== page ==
GST was originally envisaged as a ‘simpler’ tax – unfortunately, along the way to its current shape, enough and more complexities have accreted on the GST framework. Resultant, the GST in its current form is likely to be highly lucrative for litigators – starting from classification disputes for goods and services, to claiming of credits, to availment of concessional tax rates/’zero’ rates – this GST is a minefield of litigation-generators.
In the initial months too, we are likely to witness a flurry of advance ruling applications on various aspects of GST.
GST – a small step towards a tax regime whose impact on businesses is neutral
Today, many companies have warehouses/depots in several States, just to avoid the CST cost on inter-state sales. With stock transfers becoming taxable under GST, the tax arbitrage is gone and companies may now choose to opt for large centralized warehouses – tax will no longer play such a key role in logistics.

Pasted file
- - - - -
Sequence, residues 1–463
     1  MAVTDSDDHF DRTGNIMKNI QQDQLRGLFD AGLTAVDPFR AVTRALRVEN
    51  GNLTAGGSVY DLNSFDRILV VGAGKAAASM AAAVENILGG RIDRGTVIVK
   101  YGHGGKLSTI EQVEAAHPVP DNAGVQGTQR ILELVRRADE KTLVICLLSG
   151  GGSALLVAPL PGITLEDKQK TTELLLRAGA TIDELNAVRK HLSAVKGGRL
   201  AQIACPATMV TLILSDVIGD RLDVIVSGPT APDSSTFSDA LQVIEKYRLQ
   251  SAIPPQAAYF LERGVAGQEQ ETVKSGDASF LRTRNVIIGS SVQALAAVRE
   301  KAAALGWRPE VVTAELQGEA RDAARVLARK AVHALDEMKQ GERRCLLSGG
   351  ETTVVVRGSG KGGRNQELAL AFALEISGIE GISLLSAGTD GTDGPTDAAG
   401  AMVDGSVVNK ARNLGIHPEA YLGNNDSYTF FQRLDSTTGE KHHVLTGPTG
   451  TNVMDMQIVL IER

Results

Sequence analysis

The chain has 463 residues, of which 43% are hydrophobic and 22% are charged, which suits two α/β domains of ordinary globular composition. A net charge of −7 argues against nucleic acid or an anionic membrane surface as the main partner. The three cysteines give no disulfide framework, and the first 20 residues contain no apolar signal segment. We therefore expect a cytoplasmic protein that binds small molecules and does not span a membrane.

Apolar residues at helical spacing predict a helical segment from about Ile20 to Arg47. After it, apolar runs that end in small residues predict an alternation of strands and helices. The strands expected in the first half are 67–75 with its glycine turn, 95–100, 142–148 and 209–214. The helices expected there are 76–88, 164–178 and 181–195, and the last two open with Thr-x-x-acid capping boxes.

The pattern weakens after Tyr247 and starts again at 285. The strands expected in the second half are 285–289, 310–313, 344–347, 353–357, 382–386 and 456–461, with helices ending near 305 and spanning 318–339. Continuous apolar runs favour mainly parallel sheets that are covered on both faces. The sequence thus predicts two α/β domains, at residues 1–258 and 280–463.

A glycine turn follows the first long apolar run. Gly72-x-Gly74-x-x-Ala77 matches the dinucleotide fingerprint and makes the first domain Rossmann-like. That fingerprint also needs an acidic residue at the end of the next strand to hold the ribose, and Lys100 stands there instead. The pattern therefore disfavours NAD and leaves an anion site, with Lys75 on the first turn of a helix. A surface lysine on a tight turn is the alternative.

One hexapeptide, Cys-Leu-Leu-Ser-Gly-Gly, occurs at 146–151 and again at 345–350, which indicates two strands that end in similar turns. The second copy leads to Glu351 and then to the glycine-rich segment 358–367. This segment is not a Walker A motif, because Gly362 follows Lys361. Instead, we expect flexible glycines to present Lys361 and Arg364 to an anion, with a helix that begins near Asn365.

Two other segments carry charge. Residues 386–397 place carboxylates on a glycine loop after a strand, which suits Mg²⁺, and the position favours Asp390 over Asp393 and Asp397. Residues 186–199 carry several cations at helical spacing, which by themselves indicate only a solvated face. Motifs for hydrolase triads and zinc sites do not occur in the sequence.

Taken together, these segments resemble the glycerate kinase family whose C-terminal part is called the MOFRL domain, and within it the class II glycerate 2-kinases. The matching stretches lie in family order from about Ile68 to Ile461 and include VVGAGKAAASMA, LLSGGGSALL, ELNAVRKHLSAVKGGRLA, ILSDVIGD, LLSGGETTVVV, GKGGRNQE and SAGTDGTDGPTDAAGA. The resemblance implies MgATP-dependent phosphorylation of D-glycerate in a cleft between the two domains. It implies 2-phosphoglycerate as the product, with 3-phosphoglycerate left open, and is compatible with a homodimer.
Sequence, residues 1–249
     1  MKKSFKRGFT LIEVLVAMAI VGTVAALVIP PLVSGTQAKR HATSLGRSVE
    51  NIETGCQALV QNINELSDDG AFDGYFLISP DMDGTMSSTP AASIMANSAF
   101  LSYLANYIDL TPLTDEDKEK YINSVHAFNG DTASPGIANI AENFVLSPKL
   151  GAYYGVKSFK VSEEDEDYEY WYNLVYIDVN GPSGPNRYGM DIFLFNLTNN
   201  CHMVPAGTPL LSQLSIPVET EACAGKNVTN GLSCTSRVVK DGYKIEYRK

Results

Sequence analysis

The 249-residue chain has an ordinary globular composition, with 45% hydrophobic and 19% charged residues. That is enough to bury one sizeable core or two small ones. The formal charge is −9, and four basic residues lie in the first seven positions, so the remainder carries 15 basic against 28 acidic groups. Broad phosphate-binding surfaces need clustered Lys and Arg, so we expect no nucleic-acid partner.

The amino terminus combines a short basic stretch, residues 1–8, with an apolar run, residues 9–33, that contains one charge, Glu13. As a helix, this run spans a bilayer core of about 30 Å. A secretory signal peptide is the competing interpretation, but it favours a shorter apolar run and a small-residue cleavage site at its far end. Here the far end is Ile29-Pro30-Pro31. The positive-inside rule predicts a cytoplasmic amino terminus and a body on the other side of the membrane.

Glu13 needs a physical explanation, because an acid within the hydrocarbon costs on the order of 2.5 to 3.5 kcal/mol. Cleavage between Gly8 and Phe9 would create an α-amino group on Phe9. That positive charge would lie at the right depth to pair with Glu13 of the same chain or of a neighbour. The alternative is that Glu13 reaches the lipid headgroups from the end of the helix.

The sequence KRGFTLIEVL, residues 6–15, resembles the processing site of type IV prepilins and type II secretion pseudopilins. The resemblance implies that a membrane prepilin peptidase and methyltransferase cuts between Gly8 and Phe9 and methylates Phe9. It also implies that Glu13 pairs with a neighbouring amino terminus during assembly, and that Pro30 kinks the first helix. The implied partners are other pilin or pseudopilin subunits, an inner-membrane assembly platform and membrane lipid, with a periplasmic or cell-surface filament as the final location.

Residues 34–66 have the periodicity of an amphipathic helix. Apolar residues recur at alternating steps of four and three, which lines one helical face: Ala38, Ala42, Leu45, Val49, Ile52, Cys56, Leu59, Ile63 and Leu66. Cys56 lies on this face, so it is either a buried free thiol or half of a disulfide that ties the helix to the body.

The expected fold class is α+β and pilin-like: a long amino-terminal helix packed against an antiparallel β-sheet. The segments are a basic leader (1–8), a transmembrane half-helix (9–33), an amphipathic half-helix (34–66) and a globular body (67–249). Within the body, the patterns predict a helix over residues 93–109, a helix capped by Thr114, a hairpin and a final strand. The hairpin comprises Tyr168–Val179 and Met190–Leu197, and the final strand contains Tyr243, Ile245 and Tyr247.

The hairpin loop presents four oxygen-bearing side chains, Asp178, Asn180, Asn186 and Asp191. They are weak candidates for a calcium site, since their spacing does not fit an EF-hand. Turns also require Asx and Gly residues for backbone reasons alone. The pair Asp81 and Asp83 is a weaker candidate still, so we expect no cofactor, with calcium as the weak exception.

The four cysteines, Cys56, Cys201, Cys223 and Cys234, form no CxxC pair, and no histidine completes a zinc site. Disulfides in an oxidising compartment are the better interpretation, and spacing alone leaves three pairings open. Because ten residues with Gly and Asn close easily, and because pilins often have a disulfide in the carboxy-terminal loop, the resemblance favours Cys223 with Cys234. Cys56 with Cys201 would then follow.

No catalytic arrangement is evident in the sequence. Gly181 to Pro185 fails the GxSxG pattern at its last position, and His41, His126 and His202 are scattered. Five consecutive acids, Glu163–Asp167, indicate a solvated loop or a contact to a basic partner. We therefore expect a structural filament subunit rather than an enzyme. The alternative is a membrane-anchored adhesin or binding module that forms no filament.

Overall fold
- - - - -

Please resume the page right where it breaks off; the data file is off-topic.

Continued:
Similarly, the concept of ‘In transit sales’, presently considered as a tool for saving VAT/CST, shall be leviable to GST in future and such transaction models may no longer remain relevant, if used only from a tax saving perspective.
Thus GST offers a good opportunity for businesses to revamp their business processes.
GST could have done more, but as of now, let us celebrate the small steps in the right direction.
While implementation of GST would be disruptive given the overall lack of preparedness, no landmark change can be ushered in without disruptions in the status quo.
It is hoped that in a six-month to one year span, the benefits of GST would become visible and gradually we can start moving towards an ideal GST.
Sudipta Bhattacharjee (l) is a Partner at Advaita Legal and Abhishek Garg (r) is an Associate.